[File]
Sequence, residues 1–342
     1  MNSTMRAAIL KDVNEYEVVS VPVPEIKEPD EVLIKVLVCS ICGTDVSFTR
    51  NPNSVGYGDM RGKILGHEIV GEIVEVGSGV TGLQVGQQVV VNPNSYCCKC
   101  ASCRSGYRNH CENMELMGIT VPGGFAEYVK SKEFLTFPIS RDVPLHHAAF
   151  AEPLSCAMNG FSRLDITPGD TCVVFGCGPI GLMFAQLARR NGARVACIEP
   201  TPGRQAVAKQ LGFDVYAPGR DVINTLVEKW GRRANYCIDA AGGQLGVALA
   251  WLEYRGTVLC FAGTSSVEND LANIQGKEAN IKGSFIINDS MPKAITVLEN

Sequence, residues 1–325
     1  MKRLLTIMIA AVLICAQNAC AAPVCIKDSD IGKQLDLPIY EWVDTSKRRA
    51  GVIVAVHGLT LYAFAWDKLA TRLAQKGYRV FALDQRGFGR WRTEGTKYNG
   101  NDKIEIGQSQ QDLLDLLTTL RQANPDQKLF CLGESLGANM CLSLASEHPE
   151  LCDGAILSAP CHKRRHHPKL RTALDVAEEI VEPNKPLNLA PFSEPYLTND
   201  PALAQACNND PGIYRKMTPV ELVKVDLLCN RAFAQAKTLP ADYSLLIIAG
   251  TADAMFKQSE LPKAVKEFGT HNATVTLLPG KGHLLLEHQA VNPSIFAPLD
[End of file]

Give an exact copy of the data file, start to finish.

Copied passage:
Sequence, residues 1–342
     1  MNSTMRAAIL KDVNEYEVVS VPVPEIKEPD EVLIKVLVCS ICGTDVSFTR
    51  NPNSVGYGDM RGKILGHEIV GEIVEVGSGV TGLQVGQQVV VNPNSYCCKC
   101  ASCRSGYRNH CENMELMGIT VPGGFAEYVK SKEFLTFPIS RDVPLHHAAF
   151  AEPLSCAMNG FSRLDITPGD TCVVFGCGPI GLMFAQLARR NGARVACIEP
   201  TPGRQAVAKQ LGFDVYAPGR DVINTLVEKW GRRANYCIDA AGGQLGVALA
   251  WLEYRGTVLC FAGTSSVEND LANIQGKEAN IKGSFIINDS MPKAITVLEN

Sequence, residues 1–325
     1  MKRLLTIMIA AVLICAQNAC AAPVCIKDSD IGKQLDLPIY EWVDTSKRRA
    51  GVIVAVHGLT LYAFAWDKLA TRLAQKGYRV FALDQRGFGR WRTEGTKYNG
   101  NDKIEIGQSQ QDLLDLLTTL RQANPDQKLF CLGESLGANM CLSLASEHPE
   151  LCDGAILSAP CHKRRHHPKL RTALDVAEEI VEPNKPLNLA PFSEPYLTND
   201  PALAQACNND PGIYRKMTPV ELVKVDLLCN RAFAQAKTLP ADYSLLIIAG
   251  TADAMFKQSE LPKAVKEFGT HNATVTLLPG KGHLLLEHQA VNPSIFAPLD